POS 3283: JUDICIAL PROCESS
Ref.  #5746, Section 01
Fall 2003
Dr. Rebecca Mae Salokar
Department of Political Science
Office: DM 487B; Phone: 305 348-3301; e-mail: salokar@fiu.edu
Office hours: Wednesdays 0830-1015 or by appointment


THIS SYLLABUS IS A CONTRACT BETWEEN YOU, THE STUDENT, AND ME, THE INSTRUCTOR OF THIS COURSE. BE SURE THAT YOU READ IT THOROUGHLY BEFORE YOU DECIDE TO REMAIN ENROLLED IN THIS COURSE.

(Click on Quick Links below to go to a specific section of the syllabus or scroll down for the entire document)

Course Schedule
Description and Objectives
Course Requirements
Examinations
Class Meetings
Books & Materials
Courtroom Observation Paper
 Grading Scheme
 Contact Info. for Dr. Salokar
 Second Exam Review
Salokar's Standards
Dr. Salokar's Homepage
 
 Midterm Exam Review 

 
UNIVERSITY CATALOG COURSE DESCRIPTION: An introduction to the study of public law. Examines the relationship between politics and judicial structure and process. Emphasizes the judicial system as a particular kind of policymaking system, and evaluates its strengths and weaknesses from a policy-making perspective.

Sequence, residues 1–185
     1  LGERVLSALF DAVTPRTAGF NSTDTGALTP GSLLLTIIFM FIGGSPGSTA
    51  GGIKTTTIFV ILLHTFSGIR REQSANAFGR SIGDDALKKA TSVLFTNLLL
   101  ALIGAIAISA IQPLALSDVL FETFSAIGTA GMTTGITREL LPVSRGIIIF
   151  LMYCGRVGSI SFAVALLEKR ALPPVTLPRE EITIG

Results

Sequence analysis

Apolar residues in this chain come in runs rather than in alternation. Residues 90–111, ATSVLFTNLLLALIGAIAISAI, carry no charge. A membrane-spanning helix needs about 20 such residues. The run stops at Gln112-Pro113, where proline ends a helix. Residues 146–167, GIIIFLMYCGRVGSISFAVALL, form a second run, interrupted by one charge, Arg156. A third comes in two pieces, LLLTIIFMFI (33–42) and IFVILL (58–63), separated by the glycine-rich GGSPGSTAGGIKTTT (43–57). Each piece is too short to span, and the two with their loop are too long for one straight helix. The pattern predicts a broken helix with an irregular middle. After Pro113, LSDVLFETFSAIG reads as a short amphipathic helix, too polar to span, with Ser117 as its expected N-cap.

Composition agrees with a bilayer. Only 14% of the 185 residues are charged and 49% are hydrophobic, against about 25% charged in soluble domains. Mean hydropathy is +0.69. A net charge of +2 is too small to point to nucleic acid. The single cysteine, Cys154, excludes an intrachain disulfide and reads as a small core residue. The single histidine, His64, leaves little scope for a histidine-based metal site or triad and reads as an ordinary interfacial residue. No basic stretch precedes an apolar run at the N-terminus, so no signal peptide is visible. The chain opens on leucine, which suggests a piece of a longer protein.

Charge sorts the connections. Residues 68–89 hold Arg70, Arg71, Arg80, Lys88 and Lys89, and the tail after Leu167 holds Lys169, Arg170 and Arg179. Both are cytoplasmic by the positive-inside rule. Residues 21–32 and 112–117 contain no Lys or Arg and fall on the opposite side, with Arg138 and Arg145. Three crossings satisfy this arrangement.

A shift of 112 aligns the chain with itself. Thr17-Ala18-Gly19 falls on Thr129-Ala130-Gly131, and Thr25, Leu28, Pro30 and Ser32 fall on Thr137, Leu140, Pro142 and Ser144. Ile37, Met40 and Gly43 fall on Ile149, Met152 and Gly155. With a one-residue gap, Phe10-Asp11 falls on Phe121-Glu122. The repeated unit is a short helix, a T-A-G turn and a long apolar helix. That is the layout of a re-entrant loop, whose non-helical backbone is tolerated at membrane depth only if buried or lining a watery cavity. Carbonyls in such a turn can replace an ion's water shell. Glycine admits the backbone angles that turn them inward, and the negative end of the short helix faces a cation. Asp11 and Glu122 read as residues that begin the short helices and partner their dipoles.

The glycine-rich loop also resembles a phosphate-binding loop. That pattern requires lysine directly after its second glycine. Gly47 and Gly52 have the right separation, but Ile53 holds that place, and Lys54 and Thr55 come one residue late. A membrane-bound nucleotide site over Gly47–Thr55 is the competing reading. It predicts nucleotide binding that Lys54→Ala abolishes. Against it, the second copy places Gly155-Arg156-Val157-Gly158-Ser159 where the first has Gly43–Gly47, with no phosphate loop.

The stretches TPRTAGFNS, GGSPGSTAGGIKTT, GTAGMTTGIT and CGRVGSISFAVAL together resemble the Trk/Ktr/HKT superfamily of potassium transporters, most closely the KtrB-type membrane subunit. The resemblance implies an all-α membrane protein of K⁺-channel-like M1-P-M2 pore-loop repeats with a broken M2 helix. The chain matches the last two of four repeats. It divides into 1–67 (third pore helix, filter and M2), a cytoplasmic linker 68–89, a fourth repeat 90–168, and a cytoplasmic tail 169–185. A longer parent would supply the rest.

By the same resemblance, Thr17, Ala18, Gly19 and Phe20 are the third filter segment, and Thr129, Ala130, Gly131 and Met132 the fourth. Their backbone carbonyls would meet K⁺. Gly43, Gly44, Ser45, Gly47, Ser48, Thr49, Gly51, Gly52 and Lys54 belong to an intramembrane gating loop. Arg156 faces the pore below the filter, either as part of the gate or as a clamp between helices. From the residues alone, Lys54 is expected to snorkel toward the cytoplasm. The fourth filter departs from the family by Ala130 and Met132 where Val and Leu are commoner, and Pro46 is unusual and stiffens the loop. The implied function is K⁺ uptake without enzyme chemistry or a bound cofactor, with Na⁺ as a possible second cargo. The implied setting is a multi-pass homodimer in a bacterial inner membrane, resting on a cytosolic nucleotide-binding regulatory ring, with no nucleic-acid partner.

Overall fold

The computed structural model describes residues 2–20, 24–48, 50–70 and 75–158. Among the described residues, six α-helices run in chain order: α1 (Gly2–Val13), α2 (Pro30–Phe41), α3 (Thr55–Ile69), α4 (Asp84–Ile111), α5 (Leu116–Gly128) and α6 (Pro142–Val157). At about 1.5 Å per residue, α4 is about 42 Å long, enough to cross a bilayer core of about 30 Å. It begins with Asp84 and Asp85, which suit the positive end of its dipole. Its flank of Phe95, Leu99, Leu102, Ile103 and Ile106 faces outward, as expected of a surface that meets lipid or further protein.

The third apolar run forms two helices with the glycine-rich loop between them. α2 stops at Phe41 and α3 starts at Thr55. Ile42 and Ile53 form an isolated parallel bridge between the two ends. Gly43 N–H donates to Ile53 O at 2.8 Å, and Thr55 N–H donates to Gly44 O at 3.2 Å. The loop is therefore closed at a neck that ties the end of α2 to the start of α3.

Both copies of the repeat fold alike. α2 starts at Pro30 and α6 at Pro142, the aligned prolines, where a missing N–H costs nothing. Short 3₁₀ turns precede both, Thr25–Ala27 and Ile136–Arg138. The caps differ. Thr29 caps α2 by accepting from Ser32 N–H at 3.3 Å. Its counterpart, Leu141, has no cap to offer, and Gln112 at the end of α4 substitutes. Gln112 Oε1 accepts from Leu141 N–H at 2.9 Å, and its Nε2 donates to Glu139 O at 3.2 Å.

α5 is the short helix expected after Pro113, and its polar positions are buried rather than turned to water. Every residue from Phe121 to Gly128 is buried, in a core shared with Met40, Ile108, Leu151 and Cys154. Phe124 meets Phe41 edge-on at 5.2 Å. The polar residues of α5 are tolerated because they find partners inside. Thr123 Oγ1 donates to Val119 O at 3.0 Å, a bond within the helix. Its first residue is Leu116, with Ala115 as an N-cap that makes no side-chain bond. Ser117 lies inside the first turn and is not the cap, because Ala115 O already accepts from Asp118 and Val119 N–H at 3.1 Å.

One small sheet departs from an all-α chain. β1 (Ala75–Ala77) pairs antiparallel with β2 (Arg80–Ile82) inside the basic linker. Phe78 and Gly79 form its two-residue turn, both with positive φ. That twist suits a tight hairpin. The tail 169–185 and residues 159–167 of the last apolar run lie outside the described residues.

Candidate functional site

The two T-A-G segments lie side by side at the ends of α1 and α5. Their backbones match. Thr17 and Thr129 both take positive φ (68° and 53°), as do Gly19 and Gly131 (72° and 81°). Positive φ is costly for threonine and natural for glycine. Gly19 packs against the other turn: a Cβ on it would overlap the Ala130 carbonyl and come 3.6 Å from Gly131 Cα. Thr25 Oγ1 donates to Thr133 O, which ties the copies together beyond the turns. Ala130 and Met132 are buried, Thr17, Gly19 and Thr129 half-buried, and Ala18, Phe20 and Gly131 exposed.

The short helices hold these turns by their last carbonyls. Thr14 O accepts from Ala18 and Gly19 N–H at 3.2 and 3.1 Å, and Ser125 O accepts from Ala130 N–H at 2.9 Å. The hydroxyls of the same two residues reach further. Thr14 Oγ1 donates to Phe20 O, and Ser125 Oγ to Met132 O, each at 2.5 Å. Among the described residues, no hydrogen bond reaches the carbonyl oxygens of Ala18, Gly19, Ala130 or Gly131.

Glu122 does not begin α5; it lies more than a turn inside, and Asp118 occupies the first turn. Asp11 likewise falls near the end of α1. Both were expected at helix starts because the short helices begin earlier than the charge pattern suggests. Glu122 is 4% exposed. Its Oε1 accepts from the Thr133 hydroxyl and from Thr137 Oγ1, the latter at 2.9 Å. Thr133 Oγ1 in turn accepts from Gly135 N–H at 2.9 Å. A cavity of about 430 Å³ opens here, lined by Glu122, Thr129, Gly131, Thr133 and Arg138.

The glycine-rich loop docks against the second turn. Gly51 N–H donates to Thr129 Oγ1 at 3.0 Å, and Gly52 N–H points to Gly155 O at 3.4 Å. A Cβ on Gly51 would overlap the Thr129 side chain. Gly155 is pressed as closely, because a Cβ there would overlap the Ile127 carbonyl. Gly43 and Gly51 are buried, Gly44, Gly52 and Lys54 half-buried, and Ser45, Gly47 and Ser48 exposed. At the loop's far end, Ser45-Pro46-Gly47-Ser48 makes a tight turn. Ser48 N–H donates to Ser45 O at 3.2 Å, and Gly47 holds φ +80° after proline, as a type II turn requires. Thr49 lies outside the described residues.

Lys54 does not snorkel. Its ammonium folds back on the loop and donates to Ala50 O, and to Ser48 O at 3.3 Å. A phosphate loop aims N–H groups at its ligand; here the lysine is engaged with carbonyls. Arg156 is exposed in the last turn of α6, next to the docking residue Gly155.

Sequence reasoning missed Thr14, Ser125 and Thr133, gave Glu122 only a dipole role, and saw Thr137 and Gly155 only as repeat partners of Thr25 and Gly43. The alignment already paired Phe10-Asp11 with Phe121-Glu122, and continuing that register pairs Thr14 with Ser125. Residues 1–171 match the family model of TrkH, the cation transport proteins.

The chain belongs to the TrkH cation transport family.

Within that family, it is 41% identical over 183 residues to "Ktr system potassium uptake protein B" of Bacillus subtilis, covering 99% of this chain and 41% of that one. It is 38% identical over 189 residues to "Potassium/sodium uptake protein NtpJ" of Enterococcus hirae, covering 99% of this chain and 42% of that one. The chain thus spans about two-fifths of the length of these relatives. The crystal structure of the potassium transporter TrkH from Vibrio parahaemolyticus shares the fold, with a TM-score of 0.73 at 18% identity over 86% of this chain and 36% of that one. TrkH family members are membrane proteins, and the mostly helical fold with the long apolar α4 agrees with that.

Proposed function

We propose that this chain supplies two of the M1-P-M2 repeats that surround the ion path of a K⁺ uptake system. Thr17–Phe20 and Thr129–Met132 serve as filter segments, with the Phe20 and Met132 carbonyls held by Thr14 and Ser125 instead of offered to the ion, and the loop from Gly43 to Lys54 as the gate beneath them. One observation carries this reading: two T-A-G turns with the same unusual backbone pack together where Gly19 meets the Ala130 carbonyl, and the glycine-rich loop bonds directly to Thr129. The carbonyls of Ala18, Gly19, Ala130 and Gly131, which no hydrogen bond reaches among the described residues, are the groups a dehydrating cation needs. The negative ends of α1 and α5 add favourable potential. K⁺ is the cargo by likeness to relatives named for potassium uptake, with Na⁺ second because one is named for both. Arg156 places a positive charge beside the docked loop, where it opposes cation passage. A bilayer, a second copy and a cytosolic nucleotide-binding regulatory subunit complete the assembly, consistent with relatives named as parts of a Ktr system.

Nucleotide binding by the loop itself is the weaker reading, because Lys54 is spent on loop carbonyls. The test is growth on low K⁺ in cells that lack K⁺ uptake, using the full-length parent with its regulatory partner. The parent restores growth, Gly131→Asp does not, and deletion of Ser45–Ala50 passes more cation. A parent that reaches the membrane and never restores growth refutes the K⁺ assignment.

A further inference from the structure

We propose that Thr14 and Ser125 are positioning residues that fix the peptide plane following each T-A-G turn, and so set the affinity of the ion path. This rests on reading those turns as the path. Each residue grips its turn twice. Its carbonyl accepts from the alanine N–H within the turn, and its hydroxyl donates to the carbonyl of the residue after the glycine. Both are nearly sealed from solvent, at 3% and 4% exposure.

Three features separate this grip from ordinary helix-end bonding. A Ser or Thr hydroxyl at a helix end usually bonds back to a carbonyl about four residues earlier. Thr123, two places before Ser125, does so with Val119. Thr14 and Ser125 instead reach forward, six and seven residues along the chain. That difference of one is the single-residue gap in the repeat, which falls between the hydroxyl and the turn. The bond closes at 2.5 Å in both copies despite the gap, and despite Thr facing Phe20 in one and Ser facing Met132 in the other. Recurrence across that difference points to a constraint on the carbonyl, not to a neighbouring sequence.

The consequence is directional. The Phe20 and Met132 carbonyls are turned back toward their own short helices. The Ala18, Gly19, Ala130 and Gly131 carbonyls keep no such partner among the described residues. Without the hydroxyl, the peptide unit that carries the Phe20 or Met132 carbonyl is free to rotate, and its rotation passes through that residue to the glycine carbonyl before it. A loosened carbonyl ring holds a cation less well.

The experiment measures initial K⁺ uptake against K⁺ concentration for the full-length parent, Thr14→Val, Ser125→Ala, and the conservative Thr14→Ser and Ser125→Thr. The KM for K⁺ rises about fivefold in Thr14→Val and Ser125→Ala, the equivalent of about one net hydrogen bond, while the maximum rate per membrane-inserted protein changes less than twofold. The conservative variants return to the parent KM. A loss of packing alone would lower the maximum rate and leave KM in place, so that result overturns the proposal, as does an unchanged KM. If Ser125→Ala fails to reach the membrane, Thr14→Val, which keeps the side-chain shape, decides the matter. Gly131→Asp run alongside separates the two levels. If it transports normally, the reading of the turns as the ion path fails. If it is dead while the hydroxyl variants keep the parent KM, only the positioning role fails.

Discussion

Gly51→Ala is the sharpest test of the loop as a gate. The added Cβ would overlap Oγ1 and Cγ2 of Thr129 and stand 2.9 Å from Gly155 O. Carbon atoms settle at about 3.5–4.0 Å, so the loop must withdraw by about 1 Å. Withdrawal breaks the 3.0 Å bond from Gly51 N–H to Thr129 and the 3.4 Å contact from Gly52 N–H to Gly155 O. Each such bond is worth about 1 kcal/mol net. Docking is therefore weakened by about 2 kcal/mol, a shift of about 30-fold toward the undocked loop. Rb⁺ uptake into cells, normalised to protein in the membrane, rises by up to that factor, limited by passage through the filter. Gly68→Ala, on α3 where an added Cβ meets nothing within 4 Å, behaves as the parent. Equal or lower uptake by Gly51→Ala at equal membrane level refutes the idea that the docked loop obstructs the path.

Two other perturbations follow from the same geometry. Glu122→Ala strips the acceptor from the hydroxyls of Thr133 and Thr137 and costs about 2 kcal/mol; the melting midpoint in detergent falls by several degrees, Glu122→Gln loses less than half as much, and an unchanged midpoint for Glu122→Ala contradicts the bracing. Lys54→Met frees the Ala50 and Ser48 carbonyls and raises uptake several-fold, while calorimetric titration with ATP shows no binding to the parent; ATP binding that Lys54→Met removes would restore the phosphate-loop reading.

COURSE OBJECTIVES/LEARNING OUTCOMES:  This course is designed to introduce students to the U.S. judicial process and the role that politics plays in our legal system. Topics include the structure of both the federal and state judiciaries, the selection of judges, the selection and work of juries, the role of lawyers, the major components of criminal and civil process, and the role of appellate review.  We will also examine theories of legal reasoning.  Particular emphasis will be given to the work of the Supreme Court and its role in the political and legal arenas.

At the end of the semester students will be able to explain the basic operations of the U.S. legal system in the context of criminal and civil processes; identify the strengths and weaknesses of the system in terms of efficiency and fairness; recognize and evaluate constitutional protections provided by our legal process; explain and critique the various methods of judicial selection; and demonstrate a basic understanding of legal reasoning.